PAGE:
About the imp

It may look like an everyday SD card, but the electric imp is much, much more. It's a WiFi-enabled microprocessor. It’s programmable over the air. It’s got GPIOs, UARTS, I2C and SPI interfaces, pulse-width-modulation, digital-to-analog and analog-to-digital converters. Basically, it’s what you’d get if you smushed an ARM microprocessor and a WiFi module down into a tiny SD-card-sized package.

imp card boxed up

The imp provides an easy, integrated way to connect almost any hardware device to Internet services. It is well suited to be the backbone of your Internet-enabled project, whether you’re remotely controlling your electric blanket or triggering an irrigation system via a web browser. Connecting your imp to a wireless network and programming it is a simple, streamlined process.

The Hardware: 6 Wondrous I/Os

The imp is basically made of pure awesome. But, if we lift the hood of awesomeness for a moment, we can talk a bit about the imp's hardware. The platform of the electric imp is a Cortex-M3 microprocessor. Just like any microprocessor, the imp has a collection of input and output pins, each with unique functions. There are six addressable I/O pins – not as many as an Arduino, but it makes up for it in terms of functionality. The imp has three UARTs, two I2C and SPI interfaces, and two DAC outputs; plus each pin can act as an ADC input and PWM output.

Table from Imp's Wiki Page
Pin #UART1289UART57UART12I2C89I2C12SPI257SPI189DACADCPWM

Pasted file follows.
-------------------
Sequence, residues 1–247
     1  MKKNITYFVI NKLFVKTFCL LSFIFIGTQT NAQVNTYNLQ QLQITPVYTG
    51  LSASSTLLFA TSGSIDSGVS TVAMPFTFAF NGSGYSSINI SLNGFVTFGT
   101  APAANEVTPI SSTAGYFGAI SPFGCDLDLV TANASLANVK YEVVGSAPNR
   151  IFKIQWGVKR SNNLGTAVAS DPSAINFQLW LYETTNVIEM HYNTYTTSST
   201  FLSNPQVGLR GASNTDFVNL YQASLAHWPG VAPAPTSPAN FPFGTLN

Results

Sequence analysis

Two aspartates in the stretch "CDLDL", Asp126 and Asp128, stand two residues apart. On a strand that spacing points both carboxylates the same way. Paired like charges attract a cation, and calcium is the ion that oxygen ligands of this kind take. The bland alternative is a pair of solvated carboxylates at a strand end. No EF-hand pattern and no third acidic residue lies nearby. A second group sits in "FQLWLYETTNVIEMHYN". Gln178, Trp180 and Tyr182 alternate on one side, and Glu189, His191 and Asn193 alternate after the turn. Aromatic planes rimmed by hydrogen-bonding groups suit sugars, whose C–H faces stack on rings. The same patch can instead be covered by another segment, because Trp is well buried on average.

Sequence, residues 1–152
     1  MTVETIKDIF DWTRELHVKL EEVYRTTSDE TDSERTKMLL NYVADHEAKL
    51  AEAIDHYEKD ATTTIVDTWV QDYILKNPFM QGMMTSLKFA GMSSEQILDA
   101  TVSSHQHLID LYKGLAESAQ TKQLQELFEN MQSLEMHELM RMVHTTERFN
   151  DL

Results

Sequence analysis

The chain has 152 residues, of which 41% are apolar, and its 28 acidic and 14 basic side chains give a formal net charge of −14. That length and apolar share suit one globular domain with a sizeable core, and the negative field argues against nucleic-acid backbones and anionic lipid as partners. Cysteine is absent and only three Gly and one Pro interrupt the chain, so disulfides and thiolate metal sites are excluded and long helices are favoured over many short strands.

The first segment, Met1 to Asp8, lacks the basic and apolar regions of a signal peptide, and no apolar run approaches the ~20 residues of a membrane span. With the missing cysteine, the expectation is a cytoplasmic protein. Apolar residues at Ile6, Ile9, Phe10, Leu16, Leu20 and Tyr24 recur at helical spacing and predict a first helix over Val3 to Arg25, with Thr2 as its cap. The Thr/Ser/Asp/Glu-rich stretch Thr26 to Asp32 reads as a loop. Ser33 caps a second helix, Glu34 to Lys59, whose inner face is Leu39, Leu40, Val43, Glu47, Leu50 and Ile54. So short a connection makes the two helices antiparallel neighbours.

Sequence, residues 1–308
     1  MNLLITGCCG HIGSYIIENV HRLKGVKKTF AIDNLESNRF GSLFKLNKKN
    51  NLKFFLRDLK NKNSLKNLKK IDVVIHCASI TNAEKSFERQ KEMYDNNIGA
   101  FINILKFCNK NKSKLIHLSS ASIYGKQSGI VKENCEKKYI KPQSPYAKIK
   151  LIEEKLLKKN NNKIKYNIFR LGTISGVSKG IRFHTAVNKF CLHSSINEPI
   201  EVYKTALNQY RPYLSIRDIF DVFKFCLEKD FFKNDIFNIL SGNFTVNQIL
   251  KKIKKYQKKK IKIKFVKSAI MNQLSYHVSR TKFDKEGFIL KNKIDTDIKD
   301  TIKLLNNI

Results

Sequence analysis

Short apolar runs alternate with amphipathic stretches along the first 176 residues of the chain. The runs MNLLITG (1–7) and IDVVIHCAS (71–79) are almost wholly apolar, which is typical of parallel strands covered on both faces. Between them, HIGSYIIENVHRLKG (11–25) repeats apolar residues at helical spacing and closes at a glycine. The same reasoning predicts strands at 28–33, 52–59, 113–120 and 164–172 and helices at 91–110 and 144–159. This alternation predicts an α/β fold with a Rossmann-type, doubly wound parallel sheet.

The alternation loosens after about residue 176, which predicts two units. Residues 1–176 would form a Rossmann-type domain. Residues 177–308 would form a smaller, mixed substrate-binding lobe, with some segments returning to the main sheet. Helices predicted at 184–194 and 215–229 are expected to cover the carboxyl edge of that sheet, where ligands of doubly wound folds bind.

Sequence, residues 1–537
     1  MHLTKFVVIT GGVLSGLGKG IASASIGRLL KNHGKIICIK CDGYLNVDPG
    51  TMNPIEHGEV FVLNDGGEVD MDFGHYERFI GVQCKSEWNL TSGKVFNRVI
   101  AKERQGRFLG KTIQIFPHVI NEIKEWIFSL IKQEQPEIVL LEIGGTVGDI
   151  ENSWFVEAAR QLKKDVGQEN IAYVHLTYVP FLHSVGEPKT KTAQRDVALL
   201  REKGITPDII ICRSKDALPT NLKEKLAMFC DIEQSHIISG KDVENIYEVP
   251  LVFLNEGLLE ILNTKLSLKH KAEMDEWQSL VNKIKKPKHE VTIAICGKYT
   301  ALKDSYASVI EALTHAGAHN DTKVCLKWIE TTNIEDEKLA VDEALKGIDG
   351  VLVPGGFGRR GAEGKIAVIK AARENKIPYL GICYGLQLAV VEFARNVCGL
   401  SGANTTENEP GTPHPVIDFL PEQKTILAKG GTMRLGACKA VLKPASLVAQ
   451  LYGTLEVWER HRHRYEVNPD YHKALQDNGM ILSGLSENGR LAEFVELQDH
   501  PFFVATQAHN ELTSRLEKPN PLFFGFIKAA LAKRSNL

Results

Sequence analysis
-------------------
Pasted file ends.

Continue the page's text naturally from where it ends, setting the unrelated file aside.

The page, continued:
1CTSTXSCLSCLKYesYesYes
2RTSRXSDAMISOYesYes
5TXSCLKYesYesYes
7RXMOSIYesYes
8TXSCLMOSIYesYes
9RXSDAMISOYesYes

Of course, each of those pins can also be used as a simple inputs (with or without pull-up resistors) or outputs, sinking/sourcing up to 4mA each.

Also in that tiny SD package is a WiFi module, an antenna, and a light sensor. We’ll find out why the light sensor is critical in the coming pages.

The imp is a 1.8-3.3V device, supplying it any more voltage than that can be harmful. It can require up to 400mA (worst-case), but it’ll usually pull about 80mA (even 5mA in a power-save mode).

The IDE: The imp Planner

All code written for the imp is done online, in a web browser. The integrated development environment (IDE) for the imps is called the planner. Everyone can (freely) create their own account on the planner, where both your programs and your imps are kept safe and secure.

The planner window

There are certainly pros and cons to this “always online” approach (though you can write and save every program locally, and upload it when you’re ready). Still, it seems like a good solution for this type of platform.